Tuesday September 24, 2019
At the Humber Arboretum Strategic Plan Launch Celebration and Ceremonial Tree Planting on Monday September 23rd, Lynn Short gave the following land acknowledgement:
"Miigwetch, Alix, for the kind words.
Boozhoo Everyone, it is an honour to deliver the Land Acknowledgement today. Every day is a gift, even when it is raining. Water is life. I regard rain as ‘liquid sunshine’.
I have always felt connected to the land. It seems that I am most comfortable when I am outdoors, no matter what the weather or season. I have a real sense of joy when I observe the plants and animals in my surroundings. In fact, the colours of the ribbons on my skirt represent that connection; brown for Ahki (the land), blue for Nibi (the water), yellow for Geezis (the sun), green for the plants, red for the people and animals and silver for the spirits of those who have walked before us on this land.
Last Wednesday, while working in the Arboretum, a young man came up to speak with me. He recognized me because I had taught him in Grade 7 at Humberwood Downs many years ago. He became a Pharmacist and he regularly jogs on the trails in the Arboretum. He told me that he wanted to thank me for changing his perspective on the importance of being outdoors. He said that, as a result of my teachings about the plants and animals, he had developed a connection with nature that has lasted throughout his life. This reminded me of something I have known for a long time…land has the potential to change people’s perspectives and their lives. It nurtures all.
This beautiful place, the Humber Arboretum, is located within the traditional and treaty lands of the Mississaugas of the Credit. To Michi Saagiig people it is known as Adoobiigok, which means “The Place of the Black Alders”. This is where the name, Etobicoke, comes from, the area of western Toronto where I live and work. The region is situated along Gaabekanang Ziibii, the Humber River Watershed. Historically, the Humber River Watershed provided the connection between Lake Ontario and the Lake Simcoe/Georgian Bay regions for the Anishinaabe, the Haudenosaunee, and the Wendat peoples. Adoobiigok is currently home to people of many nations, 755 species of plants, 42 species of fish, and 185 species of animals.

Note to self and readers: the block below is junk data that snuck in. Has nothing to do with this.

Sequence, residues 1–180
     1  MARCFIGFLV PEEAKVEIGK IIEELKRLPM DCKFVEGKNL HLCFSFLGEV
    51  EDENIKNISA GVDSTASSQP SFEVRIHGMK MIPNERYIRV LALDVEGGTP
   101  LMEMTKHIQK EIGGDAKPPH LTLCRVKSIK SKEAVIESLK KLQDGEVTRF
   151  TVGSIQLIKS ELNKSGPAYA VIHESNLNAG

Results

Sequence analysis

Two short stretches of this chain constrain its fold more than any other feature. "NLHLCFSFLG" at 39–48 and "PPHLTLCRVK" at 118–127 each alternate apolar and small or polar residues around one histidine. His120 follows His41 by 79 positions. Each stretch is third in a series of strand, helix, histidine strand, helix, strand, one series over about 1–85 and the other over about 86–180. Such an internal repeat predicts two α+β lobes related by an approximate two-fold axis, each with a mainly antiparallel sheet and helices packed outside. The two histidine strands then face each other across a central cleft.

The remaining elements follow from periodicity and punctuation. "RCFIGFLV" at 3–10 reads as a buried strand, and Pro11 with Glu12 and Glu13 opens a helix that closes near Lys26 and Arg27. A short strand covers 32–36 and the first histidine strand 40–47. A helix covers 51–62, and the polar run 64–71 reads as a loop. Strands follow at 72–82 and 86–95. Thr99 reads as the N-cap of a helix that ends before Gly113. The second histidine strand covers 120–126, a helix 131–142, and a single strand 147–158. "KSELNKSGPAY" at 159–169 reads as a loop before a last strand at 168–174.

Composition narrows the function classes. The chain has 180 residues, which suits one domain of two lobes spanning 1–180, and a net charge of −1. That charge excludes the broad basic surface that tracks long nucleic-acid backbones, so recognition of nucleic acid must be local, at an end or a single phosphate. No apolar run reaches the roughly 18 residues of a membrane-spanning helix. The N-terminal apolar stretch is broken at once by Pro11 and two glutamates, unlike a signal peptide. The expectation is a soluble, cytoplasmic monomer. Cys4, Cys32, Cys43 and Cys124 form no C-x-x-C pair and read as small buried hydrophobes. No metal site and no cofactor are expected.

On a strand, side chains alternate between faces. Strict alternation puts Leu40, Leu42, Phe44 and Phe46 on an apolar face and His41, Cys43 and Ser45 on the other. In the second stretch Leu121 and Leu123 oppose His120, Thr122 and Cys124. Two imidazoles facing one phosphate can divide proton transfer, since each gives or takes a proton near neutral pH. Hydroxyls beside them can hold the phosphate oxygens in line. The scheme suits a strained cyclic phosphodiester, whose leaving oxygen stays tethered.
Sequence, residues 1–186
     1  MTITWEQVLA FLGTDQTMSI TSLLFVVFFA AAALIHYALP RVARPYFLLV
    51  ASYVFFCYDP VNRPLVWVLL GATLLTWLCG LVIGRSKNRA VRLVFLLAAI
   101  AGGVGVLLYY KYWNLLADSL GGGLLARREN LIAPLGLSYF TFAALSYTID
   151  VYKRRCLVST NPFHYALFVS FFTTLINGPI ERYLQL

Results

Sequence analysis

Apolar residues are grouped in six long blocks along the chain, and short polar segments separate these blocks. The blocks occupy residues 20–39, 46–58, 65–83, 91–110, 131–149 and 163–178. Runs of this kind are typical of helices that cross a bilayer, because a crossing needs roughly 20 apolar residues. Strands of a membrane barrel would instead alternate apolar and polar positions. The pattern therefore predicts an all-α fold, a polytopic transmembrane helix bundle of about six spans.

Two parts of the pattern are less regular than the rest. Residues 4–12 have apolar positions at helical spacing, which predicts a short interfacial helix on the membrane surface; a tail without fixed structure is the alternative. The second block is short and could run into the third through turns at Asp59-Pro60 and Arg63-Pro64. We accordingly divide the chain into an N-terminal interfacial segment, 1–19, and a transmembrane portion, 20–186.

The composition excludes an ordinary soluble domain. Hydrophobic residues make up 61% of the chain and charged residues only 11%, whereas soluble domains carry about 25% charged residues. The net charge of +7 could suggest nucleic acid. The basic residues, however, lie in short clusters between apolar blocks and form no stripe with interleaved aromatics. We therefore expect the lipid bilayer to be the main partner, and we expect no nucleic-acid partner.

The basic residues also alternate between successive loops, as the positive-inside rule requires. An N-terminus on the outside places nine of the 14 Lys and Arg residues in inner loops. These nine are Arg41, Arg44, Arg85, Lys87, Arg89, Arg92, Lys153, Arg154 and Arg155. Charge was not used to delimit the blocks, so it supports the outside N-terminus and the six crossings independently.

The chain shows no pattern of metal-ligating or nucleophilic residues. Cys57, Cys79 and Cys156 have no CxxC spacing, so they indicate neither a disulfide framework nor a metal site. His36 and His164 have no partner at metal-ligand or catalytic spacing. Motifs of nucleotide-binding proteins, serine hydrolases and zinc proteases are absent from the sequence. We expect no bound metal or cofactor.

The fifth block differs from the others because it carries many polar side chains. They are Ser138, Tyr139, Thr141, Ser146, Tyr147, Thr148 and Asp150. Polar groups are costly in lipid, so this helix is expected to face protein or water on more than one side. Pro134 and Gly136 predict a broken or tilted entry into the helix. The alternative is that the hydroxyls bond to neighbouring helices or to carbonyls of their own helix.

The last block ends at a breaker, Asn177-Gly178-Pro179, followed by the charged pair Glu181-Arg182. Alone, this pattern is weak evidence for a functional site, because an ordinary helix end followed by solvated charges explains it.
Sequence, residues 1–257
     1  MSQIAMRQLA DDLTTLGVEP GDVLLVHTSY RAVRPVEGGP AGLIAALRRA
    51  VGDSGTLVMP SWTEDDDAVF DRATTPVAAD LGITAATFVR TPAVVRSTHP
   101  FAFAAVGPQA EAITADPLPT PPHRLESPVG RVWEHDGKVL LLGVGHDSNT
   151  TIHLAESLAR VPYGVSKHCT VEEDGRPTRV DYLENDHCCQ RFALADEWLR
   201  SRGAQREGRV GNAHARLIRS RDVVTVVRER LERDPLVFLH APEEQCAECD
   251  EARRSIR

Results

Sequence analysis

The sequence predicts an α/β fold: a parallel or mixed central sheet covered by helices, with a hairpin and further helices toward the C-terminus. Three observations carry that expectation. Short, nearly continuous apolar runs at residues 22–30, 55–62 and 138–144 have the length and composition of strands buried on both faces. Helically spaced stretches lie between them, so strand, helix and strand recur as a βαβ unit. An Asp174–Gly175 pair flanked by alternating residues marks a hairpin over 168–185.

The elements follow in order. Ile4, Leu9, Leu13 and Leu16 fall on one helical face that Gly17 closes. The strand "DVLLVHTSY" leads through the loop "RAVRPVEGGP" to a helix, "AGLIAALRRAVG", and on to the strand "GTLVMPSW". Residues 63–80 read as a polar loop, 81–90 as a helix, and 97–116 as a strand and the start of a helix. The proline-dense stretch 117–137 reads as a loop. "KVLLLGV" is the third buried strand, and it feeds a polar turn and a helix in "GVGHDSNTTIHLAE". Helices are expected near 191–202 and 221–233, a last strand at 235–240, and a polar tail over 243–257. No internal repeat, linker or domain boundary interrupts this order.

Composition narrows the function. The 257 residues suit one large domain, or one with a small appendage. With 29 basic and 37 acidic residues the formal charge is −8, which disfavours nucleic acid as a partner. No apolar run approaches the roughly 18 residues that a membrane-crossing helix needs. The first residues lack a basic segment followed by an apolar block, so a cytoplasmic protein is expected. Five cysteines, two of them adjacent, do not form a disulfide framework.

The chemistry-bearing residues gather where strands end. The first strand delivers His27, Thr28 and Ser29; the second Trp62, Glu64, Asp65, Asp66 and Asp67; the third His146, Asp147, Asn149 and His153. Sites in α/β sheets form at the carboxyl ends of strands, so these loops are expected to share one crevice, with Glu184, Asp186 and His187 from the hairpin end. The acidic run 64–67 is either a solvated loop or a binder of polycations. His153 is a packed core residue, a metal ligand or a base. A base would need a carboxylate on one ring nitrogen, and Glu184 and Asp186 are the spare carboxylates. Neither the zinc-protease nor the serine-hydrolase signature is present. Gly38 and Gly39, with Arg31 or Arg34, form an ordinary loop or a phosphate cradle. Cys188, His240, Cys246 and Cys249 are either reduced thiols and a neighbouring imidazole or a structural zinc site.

This territory is also subject to the Treaty of the Dish with One Spoon, a covenant agreement originally between the Anishinaabeg and the Haudenosaunee and their allied nations to peaceably share the land and all its resources. The ‘dish’ represented the land and the ‘spoon’ represented the resources of the land that were to be shared. It was, therefore, also effectively a covenant with the land, water, plants and animals to be treated in a respectful way. The intent was for the land to be shared sustainably over time by the people, the plants and the animals.
All life exists within interconnected and interdependent relationships with the land. Honouring those connections allows all of earth’s creations to live in a good way. Our relationship with Ahki (the earth) is reciprocal. We can use the resources of the land but we must be mindful of the need to take care of the land at the same time.
We all receive the benefits of connecting with this land. We are all interconnected members of a universal family. The Humber Arboretum is a place where we can learn from our experiences with Neekaanagana, ‘all our relations’. At the same time, we have the responsibility of giving back through responsible stewardship of the land so that future generations will continue to receive the benefits of this important relationship to the land.
~ Lynn Short, Humber Arboretum Environmental Stewardship Coordinator, September 23 2019
Read about the Humber Arboretum and Centre for Urban Ecology’s 2019-2024 Strategic Plan: